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Sunnyside School District supports state lawsuit

The Sunnyside School District will file an amicus brief in support of litigation by other school districts seeking increased funding for special education programs.

The resolution to file a friend of the court brief was approved by the Sunnyside School Board Thursday night.

Noting that the state constitution calls for state funding of basic education, and that state courts have included special education as part of basic education, the district's resolution calls for the state to develop special education funding "that provides full funding of necessary programs for all students in special education programs."

The original litigation began two years ago, said Superintendent Rick Cole, when the state re-configured special education funding.

"It used to be that if you had a special education student you received a certain amount of funds," Cole said. The new system, he added, now caps funding.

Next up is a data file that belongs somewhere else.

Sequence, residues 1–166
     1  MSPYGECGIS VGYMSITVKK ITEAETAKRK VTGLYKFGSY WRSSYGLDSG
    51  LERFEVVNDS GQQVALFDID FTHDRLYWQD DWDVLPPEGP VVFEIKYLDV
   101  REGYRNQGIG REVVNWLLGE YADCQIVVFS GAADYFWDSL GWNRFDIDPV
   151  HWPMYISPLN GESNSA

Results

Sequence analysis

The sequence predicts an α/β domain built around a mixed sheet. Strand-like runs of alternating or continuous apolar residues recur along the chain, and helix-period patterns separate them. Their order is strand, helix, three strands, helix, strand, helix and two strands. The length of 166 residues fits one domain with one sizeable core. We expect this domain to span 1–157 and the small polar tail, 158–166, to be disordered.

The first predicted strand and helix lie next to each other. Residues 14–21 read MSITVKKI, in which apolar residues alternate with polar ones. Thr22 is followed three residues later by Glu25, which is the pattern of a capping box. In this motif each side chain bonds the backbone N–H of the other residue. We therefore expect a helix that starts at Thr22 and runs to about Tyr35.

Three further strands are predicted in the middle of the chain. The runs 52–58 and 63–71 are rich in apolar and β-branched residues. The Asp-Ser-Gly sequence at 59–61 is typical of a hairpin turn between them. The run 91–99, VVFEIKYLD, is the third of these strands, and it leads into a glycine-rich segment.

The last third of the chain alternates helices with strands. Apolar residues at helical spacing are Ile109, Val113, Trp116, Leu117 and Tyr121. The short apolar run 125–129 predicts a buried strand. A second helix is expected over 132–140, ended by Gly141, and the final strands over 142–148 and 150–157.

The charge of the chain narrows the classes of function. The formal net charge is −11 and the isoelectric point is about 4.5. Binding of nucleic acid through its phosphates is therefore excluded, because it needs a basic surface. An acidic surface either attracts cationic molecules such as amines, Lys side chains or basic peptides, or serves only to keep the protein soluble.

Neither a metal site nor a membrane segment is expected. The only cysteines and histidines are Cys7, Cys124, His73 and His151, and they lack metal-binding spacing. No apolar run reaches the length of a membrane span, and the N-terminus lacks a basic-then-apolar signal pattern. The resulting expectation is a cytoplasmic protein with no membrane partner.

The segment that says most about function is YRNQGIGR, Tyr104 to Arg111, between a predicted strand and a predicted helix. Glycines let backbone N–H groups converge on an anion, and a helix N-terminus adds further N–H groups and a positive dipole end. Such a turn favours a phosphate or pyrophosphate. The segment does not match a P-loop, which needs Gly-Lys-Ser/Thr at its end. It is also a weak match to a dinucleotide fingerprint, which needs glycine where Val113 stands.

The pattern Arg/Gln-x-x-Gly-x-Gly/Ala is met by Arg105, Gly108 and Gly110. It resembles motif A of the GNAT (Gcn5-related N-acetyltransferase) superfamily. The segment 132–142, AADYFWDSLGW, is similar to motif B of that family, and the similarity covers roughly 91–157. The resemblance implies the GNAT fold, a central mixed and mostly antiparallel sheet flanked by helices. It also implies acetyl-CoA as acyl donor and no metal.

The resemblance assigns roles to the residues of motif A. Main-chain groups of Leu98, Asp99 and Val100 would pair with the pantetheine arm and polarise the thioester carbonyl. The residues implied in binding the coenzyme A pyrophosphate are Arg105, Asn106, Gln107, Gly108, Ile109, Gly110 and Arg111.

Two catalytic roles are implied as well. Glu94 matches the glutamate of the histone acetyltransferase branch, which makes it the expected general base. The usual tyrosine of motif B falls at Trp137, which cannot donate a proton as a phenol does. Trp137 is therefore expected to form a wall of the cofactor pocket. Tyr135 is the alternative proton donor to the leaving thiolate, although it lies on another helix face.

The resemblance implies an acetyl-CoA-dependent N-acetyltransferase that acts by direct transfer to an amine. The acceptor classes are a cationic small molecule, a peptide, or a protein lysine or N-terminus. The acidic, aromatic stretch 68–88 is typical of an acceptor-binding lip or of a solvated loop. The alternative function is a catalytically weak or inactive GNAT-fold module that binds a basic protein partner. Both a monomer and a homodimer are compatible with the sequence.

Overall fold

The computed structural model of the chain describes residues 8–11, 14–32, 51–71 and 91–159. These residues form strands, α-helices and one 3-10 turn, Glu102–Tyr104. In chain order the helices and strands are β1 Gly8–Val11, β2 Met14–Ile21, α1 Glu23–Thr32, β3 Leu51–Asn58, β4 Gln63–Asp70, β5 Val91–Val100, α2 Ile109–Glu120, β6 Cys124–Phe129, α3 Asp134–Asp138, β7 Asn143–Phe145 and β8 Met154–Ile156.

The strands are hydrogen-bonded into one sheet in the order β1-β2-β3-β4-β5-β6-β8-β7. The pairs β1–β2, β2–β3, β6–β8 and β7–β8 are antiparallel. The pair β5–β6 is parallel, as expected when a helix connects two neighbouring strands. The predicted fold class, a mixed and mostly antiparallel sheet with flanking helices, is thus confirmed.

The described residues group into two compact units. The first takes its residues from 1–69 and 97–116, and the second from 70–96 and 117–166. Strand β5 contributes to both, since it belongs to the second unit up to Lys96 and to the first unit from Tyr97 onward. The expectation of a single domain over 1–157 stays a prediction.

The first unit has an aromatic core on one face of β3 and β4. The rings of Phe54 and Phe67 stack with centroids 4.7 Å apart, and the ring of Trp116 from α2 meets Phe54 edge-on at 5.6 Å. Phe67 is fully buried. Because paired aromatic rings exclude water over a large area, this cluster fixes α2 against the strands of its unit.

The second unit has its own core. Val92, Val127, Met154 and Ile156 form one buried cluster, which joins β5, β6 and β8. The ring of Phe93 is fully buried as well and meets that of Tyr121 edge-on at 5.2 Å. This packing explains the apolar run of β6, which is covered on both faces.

Schools receive special education funds from the state for up to 12.7 percent of their student enrollment. Any special needs enrollment beyond that ratio is unfunded.

Sunnyside schools fall just under that magic number, with 12.6 percent of student enrollment requiring special education needs.

Even then, state funding for special education has decreased, noted Karen Eaton, Director of Special Education for the Sunnyside School District.

Noting that special education students can range from those requiring speech therapy to serious handicaps needing an additional full time staffer, Eaton emphasized that the school district takes care of its students.

At the same time, the state needs to do its part, she said.

"When the federal government increased special education funding the state actually lowered theirs," Eaton said. "Education is supposed to be a state responsibility. The state funding does not cover special education needs."

As Sunnyside prepares to send its letter of support to the court, joining its voices with others from around the state, Cole said the next step is waiting.

"What the courts have done in the past is send issues back to the legislature to be fixed," Cole said.

And that would suit proponents of this lawsuit just fine.

Cole added, "The state needs to find an equitable way to fund special education."

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